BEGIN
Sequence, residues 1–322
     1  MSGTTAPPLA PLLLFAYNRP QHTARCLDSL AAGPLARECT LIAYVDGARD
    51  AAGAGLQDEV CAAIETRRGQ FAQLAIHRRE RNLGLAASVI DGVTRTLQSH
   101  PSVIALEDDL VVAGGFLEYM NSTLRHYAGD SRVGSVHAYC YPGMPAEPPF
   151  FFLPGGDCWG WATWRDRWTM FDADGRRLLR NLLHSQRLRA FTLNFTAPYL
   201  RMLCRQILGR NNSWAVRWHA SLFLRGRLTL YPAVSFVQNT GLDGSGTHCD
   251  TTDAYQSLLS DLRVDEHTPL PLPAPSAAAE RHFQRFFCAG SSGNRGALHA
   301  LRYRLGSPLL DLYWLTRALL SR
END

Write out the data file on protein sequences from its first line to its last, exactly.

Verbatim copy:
Sequence, residues 1–322
     1  MSGTTAPPLA PLLLFAYNRP QHTARCLDSL AAGPLARECT LIAYVDGARD
    51  AAGAGLQDEV CAAIETRRGQ FAQLAIHRRE RNLGLAASVI DGVTRTLQSH
   101  PSVIALEDDL VVAGGFLEYM NSTLRHYAGD SRVGSVHAYC YPGMPAEPPF
   151  FFLPGGDCWG WATWRDRWTM FDADGRRLLR NLLHSQRLRA FTLNFTAPYL
   201  RMLCRQILGR NNSWAVRWHA SLFLRGRLTL YPAVSFVQNT GLDGSGTHCD
   251  TTDAYQSLLS DLRVDEHTPL PLPAPSAAAE RHFQRFFCAG SSGNRGALHA
   301  LRYRLGSPLL DLYWLTRALL SR